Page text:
After Repeatedly Loaning Her Online Boyfriend Money, Woman Finally Realizes She Was Scammed Out Of $100,000

It's hard to believe in this day and age that people will fall for internet robbery scams, but it's still happening at an alarming rate. While it may seem like a no-brainer, when you're involved with someone and feel close to that person, it's easy to talk yourself into the idea that you're doing the right thing. One recent victim says she never expected her first online relationship to come to this.

Patricia Meister, a 64-year-old woman from Queensland, Australia, was very new to Facebook. When she got a friend request in 2015 from a total stranger, she didn't think that there would be anything wrong with accepting it. Things spiraled out of control from there, and before she realized it, she'd been taken for thousands of dollars.

Meister struck up a friendship with the person, who she thought was a business man from Italy. The two flirted and things seemed to be going well. She'd never tried online dating before and had only used Facebook for business purposes, so Mesiter was completely naive about how online scam artists can wedge their way into your life and get your trust.

"We started chatting. he was charming, smart, and educated," she said.

The long-distance lovers progressed from Facebook to phone calls, and they were talking on a daily basis. The boyfriend then said he ran into some trouble, and asked her if he could borrow a small amount of money. Meister agreed and sent it to him.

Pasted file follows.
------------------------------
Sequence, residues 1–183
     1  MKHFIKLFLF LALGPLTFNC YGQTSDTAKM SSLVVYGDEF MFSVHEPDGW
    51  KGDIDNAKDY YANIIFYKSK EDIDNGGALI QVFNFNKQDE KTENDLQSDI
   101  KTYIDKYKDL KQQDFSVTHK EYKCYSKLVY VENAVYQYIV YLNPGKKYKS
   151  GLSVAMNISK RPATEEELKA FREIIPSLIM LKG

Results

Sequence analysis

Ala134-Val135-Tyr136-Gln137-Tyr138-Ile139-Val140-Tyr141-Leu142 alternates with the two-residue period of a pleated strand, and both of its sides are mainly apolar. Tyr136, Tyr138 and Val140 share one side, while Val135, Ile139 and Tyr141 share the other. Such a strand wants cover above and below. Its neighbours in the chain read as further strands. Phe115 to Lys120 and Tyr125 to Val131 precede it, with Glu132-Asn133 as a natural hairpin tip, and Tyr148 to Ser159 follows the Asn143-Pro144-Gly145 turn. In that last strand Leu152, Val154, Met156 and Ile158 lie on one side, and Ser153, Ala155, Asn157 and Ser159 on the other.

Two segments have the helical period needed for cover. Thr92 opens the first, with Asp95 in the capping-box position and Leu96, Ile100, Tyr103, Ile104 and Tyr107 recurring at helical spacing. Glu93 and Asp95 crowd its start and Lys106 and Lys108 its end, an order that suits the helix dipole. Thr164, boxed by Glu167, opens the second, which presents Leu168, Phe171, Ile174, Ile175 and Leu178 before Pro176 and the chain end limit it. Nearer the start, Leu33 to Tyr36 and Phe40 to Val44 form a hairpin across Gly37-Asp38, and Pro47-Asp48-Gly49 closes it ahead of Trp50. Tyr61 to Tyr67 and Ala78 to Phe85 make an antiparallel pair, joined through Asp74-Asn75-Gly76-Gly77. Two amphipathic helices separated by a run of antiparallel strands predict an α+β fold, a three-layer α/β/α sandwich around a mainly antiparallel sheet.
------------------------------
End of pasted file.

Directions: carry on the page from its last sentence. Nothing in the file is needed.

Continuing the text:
“I guess at the time, I was going through a period in my life where I felt isolated,” Patricia said. “I’d been single for a while and I’d never been on dating sites.”

He continued to push Meister for more smaller sums, always having an excuse. Meister was willing to believe him.

“It didn’t feel right but I thought, ‘Well, it’s not a huge amount of money to lose.’ It wasn’t a huge request so I did a wire transfer to him,” she explained.

Excuses continued, and the man always had a problem in which a credit card wasn't working, or money owed to him wasn't coming through. Meister kept getting roped into sending him money, and the amounts started growing larger and larger. Before she knew it, she was sending him thousands at a time.

The man kept promising Meister that she was going to be paid back, and she trusted him. She waited patiently.

It all hit her that she'd been scammed when she received a phone call from a total stranger. The caller pretended to be a friend of her online boyfriend, and said he'd been in a terrible accident.

"My stomach dropped to my shoes. I knew at that point, I'd been scammed," Meister said.

It turns out that her Italian businessman boyfriend was a professional con artist from Nigeria. He was in the habit of preying on lonely women.

Meister says you shouldn't judge people who find themselves the victims of these professional scammers. “People think you’re stupid but they’re not walking in our shoes,” she explains. “It’s not a matter of being stupid. Even the most intelligent, educated women are getting scammed."

Meister's money is long gone, but she's hoping that something good can come out of the rubble. She hopes to help others and prevent them from suffering the same ordeal.

“I know I’ll never get my money back but all you can do is raise awareness,” she said. “There’s a lot of lonely people out there; the dating websites are riddled with scammers.”
Source: Little Things
Photo: Little Things

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